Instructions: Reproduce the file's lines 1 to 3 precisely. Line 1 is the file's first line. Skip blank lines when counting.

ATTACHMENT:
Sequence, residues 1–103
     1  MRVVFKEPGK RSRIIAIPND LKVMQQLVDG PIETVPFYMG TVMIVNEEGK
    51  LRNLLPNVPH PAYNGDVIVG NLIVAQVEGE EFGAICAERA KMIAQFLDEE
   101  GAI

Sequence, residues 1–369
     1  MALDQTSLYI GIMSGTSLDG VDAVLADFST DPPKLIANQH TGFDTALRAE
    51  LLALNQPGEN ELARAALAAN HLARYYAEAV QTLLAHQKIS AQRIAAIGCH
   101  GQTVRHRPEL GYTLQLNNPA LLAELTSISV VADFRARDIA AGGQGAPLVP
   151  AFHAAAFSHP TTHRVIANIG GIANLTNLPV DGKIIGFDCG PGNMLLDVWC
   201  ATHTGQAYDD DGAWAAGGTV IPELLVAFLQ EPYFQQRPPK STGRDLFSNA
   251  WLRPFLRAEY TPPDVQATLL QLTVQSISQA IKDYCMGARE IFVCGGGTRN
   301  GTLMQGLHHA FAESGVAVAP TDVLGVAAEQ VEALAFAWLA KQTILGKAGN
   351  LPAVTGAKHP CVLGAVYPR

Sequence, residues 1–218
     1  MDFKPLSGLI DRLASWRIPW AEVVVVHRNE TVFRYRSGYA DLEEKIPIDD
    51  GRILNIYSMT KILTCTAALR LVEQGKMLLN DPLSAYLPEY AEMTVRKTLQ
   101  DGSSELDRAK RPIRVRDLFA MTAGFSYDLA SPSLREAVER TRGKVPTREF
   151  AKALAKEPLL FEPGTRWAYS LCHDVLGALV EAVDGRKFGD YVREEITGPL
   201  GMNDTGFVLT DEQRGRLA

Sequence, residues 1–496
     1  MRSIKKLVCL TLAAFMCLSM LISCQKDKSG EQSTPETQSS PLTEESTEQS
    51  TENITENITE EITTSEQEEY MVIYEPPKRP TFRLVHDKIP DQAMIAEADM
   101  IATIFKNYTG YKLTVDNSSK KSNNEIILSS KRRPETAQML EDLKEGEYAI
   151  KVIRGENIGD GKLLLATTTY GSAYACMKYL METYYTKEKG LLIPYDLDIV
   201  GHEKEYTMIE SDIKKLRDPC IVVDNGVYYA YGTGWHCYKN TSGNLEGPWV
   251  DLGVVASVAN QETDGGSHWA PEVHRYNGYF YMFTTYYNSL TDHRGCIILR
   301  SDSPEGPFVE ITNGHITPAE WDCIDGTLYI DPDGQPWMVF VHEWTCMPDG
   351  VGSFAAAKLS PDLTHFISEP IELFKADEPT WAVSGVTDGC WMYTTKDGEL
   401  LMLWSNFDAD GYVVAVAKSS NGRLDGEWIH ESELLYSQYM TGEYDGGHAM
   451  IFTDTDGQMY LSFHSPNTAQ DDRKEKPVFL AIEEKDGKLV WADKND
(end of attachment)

Sequence, residues 1–103
     1  MRVVFKEPGK RSRIIAIPND LKVMQQLVDG PIETVPFYMG TVMIVNEEGK
    51  LRNLLPNVPH PAYNGDVIVG NLIVAQVEGE EFGAICAERA KMIAQFLDEE